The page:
Diagnosis of Childhood Central Nervous System Tumors

Executive Summary

Childhood central nervous system (CNS) tumors are diagnosed based on signs and symptoms. Biopsy is the common diagnostic approach for childhood (CNS) tumors. Imaging tests help determine the type of tumors in the (CNS) among children. Along with physical examination in children, other tests are also done involving Magnetic resonance imaging (MRI), CT scan, and Molecular testing of the tumor.

Diagnosis of Childhood Central Nervous System Tumors

Many tests are performed to find or diagnose cancer. Also, tests are done to learn if the Central Nervous System tumor has spread to parts other than where it started. The spread of the tumor to other regions is called metastasis.

A biopsy is a sure way to know if you have cancer in a particular part or organ of the body for most types of cancer ​1​.

Imaging tests can help doctors determine if the tumor is a primary tumor or if cancer has metastasized to the brain from elsewhere in the body.

The different tests can be used for a person depending upon the following factors – 

  • Your signs and symptoms
  • The age and general health status
  • The type of cancer suspected
  • The result of earlier medical tests

In addition to the physical examinations, the below-mentioned test can be used for the diagnosis of Central Nervous System tumors ​2​:

  • Magnetic resonance imaging (MRI) – An MRI uses magnetic fields, not x-rays, to produce detailed body images. A specific dye known as contrast medium is given before the scan to create a better picture. This dye can be injected into a patient’s vein or given as a pill or liquid to swallow.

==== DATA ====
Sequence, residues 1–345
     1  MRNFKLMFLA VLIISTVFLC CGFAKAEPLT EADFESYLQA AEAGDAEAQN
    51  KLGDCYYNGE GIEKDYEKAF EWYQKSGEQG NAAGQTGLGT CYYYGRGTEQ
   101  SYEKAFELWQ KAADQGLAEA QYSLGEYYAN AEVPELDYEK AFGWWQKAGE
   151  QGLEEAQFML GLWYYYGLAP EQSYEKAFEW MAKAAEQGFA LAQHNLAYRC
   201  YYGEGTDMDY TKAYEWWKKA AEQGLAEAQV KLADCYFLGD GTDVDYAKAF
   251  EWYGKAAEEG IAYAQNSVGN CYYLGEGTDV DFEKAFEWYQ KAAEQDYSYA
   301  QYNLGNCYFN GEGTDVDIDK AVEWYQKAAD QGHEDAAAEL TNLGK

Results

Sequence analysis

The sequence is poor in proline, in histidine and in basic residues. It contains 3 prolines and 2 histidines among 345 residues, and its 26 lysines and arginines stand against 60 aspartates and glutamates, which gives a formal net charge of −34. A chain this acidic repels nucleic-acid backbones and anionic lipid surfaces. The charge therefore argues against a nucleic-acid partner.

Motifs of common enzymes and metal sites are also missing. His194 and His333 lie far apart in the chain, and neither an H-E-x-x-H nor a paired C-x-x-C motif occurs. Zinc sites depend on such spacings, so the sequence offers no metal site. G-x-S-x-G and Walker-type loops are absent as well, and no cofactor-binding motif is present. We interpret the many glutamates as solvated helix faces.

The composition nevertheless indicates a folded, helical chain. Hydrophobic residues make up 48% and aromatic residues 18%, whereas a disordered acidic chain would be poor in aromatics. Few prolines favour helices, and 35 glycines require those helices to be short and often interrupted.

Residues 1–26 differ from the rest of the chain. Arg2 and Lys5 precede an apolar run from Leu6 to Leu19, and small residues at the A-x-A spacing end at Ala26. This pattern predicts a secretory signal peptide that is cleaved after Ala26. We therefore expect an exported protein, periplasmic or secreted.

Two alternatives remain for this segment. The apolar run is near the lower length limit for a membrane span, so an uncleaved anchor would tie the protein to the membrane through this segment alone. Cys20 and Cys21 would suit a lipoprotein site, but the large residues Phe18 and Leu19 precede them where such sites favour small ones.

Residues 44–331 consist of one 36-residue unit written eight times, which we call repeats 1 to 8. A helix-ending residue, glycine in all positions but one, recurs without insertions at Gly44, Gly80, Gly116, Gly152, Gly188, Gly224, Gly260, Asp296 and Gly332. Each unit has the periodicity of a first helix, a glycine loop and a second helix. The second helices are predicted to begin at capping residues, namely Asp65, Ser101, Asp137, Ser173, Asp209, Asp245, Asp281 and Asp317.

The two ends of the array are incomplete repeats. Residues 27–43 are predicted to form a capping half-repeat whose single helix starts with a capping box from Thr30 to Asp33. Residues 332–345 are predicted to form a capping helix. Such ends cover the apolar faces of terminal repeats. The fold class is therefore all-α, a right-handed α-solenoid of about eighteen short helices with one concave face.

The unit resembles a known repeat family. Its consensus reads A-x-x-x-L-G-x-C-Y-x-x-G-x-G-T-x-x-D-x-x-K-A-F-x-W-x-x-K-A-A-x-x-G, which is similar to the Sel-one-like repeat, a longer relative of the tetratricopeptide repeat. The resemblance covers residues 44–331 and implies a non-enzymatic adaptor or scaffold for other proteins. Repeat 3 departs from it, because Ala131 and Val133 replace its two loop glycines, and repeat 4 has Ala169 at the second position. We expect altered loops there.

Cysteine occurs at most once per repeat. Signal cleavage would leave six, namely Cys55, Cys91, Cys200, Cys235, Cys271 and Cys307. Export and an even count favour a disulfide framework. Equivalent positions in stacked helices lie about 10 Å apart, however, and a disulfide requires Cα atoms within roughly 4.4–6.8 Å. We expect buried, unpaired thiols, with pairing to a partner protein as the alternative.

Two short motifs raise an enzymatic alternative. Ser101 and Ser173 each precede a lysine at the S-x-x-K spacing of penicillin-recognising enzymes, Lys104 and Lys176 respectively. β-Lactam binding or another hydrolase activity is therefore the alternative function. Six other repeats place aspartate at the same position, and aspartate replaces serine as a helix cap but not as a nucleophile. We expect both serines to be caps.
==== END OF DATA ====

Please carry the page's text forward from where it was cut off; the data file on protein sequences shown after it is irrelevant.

• Biopsy – A biopsy removes a small part of tissue to examine under a microscope. A biopsy can also be done as surgery to remove the entire tumor. The type of biopsy performed depends upon the position of the Central Nervous System tumor.
  • CT scan – A CT scan clicks pictures of the body from inside using x-rays taken from different angles. A computer combines photos into a detailed, 3-dimensional image that shows abnormalities or tumors. Changes in the skull bone can also be seen on a CT scan, and it can be used to measure a Central Nervous System tumor’s size.
  • Molecular testing of the tumor – Your doctor may recommend you to take laboratory tests on a Central Nervous System tumor sample to identify proteins, specific genes, and other factors, such as tumor markers, unique to the tumor. It is called molecular testing of the tumor. 

After diagnostic tests are done, your child’s doctor will review all of the results with you. If the diagnosis is a Central Nervous System tumor, these results help the doctor describe the tumor. This process is called staging and grading.


  1. 1.
    Goldman RD, Cheng S, Cochrane DD. Improving diagnosis of pediatric central nervous system tumours: aiming for early detection. CMAJ. Published online November 28, 2016:E459-E463. doi:10.1503/cmaj.160074
  2. 2.
    Shay V, Fattal-Valevski A, Beni-Adani L, Constantini S. Diagnostic delay of pediatric brain tumors in Israel: a retrospective risk factor analysis. Childs Nerv Syst. Published online August 26, 2011:93-100. doi:10.1007/s00381-011-1564-0